Here is the truth. In our society, you are on your own.  It’s your responsibility to save. But it’s not your fault if you don’t have a decent pension. While the math does work -- if you save 5% of your income starting in your 20’s, when you are 60, you will have the same amount saved had you started saving 22% of your income at 50 years of age. So my advice is twofold: save as soon as you start working and don’t spend more than you earn (an unsolicited third - eat less, mostly plants.)

But just as our car-dependent society and the availability of cheap, sugary and fatty foods contribute to the obesity crisis, so the financial environment contributes to the retirement security crisis. It isn’t our human flaws that cause us to have less retirement savings than we need. Rather, the fault lies with the flawed, ‘do-it-yourself,’ voluntary 401(k) and IRA system combined with student and credit card debt. Also, toss in low wages -- higher income folks have more discretionary income than the middle class, spending 30% on housing and 11% on food and lower-income workers a full 41% on housing and 16% on food. Where does the low-income worker cut?  Cutting 10% of 16% by bypassing on avocado toast or latte won’t produce a pension.

Bottom line: Although without fixing Social Security AND creating pensions for all you are on your own and though it won’t matter, you must avoid the overspending. But, hear me, hyper-consumerism is not the cause of inadequate retirement savings – it’s the failed retirement system.

 

40% of Older Americans Will Experience Downward Mobility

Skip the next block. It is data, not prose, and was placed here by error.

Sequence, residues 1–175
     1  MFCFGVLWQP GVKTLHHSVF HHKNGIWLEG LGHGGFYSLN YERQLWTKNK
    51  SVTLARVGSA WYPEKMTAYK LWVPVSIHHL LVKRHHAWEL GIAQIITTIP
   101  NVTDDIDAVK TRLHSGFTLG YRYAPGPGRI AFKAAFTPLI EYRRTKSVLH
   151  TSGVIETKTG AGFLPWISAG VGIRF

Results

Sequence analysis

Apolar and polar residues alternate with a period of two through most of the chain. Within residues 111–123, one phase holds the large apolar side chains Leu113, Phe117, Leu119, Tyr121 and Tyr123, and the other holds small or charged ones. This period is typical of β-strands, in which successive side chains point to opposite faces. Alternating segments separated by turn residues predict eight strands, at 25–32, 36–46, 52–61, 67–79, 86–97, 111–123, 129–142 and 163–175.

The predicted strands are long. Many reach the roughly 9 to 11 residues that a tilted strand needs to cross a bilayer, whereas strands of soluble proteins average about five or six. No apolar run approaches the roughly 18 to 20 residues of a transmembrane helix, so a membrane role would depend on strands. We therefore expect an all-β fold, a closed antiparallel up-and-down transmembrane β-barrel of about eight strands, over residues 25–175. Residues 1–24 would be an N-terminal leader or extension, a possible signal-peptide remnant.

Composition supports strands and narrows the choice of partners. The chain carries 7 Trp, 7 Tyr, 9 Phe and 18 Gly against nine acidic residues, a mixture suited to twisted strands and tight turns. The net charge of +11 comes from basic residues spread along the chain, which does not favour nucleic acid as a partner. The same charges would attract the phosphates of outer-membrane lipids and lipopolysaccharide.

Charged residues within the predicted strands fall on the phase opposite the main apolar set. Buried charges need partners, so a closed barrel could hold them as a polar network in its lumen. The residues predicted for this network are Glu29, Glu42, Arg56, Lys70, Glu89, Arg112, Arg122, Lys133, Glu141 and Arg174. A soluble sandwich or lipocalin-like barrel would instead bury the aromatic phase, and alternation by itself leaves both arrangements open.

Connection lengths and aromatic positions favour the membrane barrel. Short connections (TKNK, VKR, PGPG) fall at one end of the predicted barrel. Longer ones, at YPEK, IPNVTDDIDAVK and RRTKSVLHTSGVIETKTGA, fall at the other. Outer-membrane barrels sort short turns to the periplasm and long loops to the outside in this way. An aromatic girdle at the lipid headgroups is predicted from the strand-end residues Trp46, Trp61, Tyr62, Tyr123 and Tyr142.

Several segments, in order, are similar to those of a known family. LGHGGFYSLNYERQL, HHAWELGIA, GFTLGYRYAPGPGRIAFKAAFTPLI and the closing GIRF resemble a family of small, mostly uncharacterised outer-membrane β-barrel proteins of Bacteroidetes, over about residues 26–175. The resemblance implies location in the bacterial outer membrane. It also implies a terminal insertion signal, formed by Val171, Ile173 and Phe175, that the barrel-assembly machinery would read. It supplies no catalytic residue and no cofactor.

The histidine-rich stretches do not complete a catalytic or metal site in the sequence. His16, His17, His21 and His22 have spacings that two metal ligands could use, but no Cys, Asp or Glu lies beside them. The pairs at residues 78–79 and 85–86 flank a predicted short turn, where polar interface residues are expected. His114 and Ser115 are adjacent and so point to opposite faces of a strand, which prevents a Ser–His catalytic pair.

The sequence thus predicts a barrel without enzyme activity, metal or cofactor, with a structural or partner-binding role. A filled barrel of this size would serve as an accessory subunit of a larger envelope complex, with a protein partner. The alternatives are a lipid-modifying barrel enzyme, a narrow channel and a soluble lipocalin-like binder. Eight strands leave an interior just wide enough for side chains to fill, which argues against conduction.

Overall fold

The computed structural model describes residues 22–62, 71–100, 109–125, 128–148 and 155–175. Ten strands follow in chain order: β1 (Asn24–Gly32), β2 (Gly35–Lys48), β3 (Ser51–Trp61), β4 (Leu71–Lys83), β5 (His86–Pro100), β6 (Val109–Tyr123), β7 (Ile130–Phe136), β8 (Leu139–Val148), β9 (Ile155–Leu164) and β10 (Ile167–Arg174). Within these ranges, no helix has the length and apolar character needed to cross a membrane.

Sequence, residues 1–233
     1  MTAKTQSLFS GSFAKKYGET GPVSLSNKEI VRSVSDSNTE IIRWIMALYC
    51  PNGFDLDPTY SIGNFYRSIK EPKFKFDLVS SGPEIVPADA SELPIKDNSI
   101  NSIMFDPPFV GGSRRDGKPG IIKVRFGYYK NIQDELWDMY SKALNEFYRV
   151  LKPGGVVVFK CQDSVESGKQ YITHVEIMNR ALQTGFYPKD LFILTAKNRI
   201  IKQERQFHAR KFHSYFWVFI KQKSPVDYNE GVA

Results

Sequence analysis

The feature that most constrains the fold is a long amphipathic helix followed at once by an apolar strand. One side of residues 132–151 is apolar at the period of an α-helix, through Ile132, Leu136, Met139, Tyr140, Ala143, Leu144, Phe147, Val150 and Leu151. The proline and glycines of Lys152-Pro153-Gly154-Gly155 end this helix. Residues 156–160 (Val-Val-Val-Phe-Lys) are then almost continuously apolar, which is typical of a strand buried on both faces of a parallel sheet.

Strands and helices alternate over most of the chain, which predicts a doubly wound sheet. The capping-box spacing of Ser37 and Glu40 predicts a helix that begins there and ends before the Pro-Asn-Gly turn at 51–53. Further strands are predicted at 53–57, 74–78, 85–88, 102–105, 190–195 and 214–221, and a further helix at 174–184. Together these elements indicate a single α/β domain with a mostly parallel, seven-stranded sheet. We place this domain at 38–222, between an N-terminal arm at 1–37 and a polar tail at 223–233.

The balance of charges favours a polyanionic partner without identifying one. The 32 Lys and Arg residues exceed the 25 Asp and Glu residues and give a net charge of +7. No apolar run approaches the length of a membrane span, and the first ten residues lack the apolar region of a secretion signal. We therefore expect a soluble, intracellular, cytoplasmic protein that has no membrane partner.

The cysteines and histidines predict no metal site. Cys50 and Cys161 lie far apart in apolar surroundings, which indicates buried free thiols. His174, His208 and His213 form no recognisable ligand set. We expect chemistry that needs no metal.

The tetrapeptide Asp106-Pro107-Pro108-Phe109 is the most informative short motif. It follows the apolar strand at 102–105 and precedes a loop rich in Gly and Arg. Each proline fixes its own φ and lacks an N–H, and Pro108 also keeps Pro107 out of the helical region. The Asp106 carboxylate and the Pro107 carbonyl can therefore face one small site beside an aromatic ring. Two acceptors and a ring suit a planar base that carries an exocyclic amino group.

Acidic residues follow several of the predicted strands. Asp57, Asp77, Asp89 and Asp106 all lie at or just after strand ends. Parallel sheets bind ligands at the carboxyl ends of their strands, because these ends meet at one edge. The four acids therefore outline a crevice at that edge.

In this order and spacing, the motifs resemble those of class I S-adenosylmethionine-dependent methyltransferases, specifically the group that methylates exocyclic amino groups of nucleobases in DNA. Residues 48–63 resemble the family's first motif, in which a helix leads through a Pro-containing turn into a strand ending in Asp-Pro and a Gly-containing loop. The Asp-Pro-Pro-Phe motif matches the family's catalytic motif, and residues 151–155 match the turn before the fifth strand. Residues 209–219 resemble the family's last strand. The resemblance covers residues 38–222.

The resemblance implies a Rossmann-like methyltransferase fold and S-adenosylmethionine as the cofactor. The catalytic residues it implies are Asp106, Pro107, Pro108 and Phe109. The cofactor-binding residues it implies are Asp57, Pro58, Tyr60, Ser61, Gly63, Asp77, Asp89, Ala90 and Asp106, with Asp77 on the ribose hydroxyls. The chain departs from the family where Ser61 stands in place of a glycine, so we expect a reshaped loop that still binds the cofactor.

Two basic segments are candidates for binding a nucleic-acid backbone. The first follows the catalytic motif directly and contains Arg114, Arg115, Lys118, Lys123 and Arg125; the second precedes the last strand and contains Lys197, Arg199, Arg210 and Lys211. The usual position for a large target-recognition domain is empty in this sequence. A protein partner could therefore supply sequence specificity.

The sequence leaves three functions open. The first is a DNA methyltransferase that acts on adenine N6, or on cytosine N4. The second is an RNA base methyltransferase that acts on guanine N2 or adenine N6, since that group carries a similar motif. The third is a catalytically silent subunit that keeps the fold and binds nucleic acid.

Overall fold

ReLab's new report, "40% of Older Workers and Their Spouses Will Experience Downward Mobility in Retirement," finds that inadequate retirement accounts will cause 8.5 million middle-class older workers and their spouses to be downwardly mobile in retirement, falling into poverty or near poverty in their old age.

Top 5 Cities Where Older Workers' Wages Fell and Younger Workers' Wages Soared

January 2018 Unemployment Report for Workers Over 55

President Trump in his State of the Union address highlighted the country’s falling unemployment and rising wages. Today's Bureau of Labor Statistics' report of a 3.0% unemployment rate for workers age 55 and older in January, a decrease of 0.3 percentage points from December, does not contradict the President’s view. However, while the headline unemployment rate is at an historic low and hourly wages did nudge up, these national numbers hide drastic geographic differences in the labor market. We find that cities with dynamic labor markets for prime-age workers are not necessarily welcoming to older workers.